Caption: Lactose and lactic acid crystals. Lactose is a disaccharide consisting of two subunits, a galactose and a glucose linked together. In young mammals, an enzyme called lactase is secreted by the intestinal villi, and this enzyme cleaves the molecule into its two subunits for absorption. Normally, as the young grow up, production of lactase gradually ceases, and they are then unable to metabolize lactose. This is perhaps an evolutionary mechanism to enforce weaning of the young. Lactose is the sugar making up around 2-8% of the solids in milk. Lactic acid is a chemical compound that plays a role in several biochemical processes. It is the acid that gives old milk its sour taste, and it accumulates in skeletal muscles during extensive anaerobic exercise, causing temporary muscle pain. Lactic acid is quickly removed from muscles when they resume aerobic metabolism. Lactic acid fermentation occurs in red blood cells since they don't have mitochondria, and in skeletal muscle during intense exertion when sufficient amounts of oxygen cannot be supplied fast enough. Thus lactate is released into the bloodstream. The liver takes up about 60% of the lactate and re-oxidizes it to pyruvate, which is then reconverted to glucose in a process known as gluconeogenesis. The glucose enters the bloodstream and can be used by the tissues. Lactic acid fermentation is also performed by lactic acid bacteria which are responsible for the sour taste of old milk and which are used in the production of dairy products such as cheese. Lactic acid bacteria also operates in the mouth, and the resulting lactic acid is responsible for the tooth decay known as caries. Lactic acid is also the result of malolactic fermentation, a process used in winemaking to convert sharp-tasting malic acid into the gentler lactic acid.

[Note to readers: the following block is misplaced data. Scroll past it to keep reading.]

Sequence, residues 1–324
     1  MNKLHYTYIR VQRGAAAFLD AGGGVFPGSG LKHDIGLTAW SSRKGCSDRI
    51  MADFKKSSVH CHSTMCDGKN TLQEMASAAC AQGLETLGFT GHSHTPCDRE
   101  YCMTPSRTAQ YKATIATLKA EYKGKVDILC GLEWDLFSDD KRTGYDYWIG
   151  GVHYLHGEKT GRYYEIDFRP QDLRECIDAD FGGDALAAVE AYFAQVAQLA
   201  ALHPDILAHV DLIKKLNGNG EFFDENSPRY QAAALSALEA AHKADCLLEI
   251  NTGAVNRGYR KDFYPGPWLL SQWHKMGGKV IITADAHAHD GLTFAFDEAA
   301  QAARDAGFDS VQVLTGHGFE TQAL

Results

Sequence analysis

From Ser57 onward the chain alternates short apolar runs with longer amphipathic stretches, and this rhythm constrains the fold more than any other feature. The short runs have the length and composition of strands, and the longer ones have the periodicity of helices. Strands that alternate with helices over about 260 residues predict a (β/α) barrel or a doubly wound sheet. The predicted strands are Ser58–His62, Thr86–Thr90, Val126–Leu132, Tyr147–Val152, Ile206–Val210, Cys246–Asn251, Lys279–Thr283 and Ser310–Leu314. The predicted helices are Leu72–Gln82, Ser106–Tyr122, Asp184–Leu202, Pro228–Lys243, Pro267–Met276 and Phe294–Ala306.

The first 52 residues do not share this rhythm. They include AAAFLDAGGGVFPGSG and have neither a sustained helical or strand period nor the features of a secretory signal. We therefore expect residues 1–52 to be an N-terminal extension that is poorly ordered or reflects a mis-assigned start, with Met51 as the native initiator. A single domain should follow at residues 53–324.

Magnification*: x40
Type: LM
Copyright 1985 Dennis Kunkel Microscopy, Inc.
Keywords: 860515-24,12.01.04,crystal,crystals,dental disease,galactose,glucose,gluconeogenesis,lactose,lactase,lactic acid,lactic acid bacteria,lactic acid fermentation,malic acid,malolactic fermentation,mouth flora,oral bacteria,oral cavity,pyruvate,sugar,sour taste,skeletal muscle,tooth decay,LM